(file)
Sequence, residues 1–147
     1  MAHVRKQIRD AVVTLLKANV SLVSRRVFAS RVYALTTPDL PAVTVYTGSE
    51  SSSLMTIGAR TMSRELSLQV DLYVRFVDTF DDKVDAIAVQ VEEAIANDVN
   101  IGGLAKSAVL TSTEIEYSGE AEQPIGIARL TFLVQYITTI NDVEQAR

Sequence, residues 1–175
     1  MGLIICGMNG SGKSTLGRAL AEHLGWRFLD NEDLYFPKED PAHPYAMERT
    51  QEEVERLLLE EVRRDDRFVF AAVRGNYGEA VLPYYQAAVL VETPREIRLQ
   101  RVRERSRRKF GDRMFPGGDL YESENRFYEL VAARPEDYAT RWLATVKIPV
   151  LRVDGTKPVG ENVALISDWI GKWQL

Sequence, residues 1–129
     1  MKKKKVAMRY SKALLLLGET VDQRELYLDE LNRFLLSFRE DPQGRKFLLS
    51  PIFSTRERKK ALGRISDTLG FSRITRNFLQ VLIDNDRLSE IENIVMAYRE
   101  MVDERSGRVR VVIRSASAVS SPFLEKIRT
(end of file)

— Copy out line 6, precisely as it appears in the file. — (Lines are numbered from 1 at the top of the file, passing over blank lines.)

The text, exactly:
     1  MGLIICGMNG SGKSTLGRAL AEHLGWRFLD NEDLYFPKED PAHPYAMERT